Network monitoring basics

A basic network monitoring system is a critical part of an organization’s IT infrastructure. The larger the network, the more critical it is to monitor the network for issues. Here is what to monitor and how to decide which resources to monitor:

Servers

When it comes to server monitoring, the first property to monitor is uptime. If a server goes down or stops responding, an alarm should be sent out immediately. Most network monitors have a setting to indicate how long or how many times an alarm should run before a notification is sent out. When it comes to server uptime, it should be immediate.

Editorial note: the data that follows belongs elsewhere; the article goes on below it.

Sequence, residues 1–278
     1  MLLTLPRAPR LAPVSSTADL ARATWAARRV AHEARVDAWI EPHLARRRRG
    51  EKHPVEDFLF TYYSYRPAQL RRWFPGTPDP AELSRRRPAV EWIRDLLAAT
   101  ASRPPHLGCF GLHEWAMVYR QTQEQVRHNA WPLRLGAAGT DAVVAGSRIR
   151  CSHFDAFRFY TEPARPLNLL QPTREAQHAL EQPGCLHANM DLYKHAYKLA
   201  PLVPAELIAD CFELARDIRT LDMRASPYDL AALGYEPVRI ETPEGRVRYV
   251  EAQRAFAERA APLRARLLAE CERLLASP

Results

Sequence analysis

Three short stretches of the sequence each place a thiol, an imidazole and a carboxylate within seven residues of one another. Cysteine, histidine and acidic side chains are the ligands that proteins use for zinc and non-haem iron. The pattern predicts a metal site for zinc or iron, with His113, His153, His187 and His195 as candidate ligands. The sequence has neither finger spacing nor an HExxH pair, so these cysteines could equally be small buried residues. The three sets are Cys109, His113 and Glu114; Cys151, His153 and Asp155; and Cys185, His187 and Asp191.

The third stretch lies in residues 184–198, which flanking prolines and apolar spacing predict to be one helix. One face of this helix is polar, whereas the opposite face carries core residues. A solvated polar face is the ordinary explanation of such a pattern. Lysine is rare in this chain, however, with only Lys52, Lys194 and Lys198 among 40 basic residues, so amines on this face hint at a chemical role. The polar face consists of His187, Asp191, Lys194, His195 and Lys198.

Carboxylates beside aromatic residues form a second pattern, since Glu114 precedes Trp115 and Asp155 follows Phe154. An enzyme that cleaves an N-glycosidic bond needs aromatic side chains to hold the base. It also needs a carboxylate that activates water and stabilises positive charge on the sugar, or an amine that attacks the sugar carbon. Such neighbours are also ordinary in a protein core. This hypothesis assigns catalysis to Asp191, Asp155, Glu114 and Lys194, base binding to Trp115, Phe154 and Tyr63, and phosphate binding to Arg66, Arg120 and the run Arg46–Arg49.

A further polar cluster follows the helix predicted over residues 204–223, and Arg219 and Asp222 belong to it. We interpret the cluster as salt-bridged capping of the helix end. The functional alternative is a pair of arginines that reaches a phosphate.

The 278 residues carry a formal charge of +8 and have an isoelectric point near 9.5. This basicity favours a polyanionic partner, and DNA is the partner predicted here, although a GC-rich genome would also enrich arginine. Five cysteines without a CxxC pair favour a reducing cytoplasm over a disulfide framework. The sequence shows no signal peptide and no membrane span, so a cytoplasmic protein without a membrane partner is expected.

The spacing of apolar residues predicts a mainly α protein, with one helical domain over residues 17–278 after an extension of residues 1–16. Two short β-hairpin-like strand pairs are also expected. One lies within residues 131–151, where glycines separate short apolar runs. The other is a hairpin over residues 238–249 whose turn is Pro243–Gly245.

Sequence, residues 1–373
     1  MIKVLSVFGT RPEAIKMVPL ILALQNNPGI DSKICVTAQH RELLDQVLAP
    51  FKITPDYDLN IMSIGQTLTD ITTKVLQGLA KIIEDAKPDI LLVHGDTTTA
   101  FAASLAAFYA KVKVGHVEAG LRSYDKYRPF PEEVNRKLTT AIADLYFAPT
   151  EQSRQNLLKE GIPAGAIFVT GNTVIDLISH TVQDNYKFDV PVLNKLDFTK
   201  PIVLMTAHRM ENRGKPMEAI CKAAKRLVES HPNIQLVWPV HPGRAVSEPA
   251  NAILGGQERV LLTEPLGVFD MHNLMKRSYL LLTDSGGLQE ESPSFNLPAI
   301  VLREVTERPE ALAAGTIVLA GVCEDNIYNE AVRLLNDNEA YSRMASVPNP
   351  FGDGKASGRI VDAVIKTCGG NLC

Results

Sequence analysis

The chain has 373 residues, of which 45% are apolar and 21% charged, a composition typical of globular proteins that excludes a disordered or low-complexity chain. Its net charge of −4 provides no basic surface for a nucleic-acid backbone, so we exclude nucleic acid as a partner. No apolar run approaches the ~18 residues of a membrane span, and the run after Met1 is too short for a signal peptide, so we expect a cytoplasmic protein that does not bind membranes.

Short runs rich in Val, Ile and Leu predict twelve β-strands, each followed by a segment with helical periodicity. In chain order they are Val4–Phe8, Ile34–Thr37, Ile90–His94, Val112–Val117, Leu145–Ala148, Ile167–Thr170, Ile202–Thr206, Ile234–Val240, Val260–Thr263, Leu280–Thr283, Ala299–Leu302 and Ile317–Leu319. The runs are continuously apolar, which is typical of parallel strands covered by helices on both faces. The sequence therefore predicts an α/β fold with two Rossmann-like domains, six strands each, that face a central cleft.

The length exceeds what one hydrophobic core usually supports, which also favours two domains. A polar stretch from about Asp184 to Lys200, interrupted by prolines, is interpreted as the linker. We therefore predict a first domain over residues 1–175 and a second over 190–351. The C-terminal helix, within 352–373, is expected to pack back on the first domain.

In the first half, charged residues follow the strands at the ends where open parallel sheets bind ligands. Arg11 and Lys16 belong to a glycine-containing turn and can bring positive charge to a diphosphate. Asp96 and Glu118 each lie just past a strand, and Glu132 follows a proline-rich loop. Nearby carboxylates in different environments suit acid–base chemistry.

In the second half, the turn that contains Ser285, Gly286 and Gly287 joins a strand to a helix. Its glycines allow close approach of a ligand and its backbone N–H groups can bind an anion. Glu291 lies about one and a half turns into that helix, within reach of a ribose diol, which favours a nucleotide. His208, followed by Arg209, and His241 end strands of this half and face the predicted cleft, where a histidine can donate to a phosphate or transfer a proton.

Switches

The same level of urgency applies to network switches. These switches connect many users to the network. When anything happens to one, it is quite likely that it will affect as many as 40+ users at a time. Even individual port failure monitoring is useful, given that it could signify the start of bigger problems.

Applications

The level of monitoring depends on the importance of the application. Many admins monitor all applications that are part of or have more than on dependency. This is important for two reasons. Firstly, an application failure could result in the failure of several other applications that depend on it. Secondly, it could indicate a problem with an upstream service.

Beyond these three primary categories, other devices to monitor could include VPN’s, Wireless controllers, etc. Only monitor and send out alerts for systems that the organization considers business critical.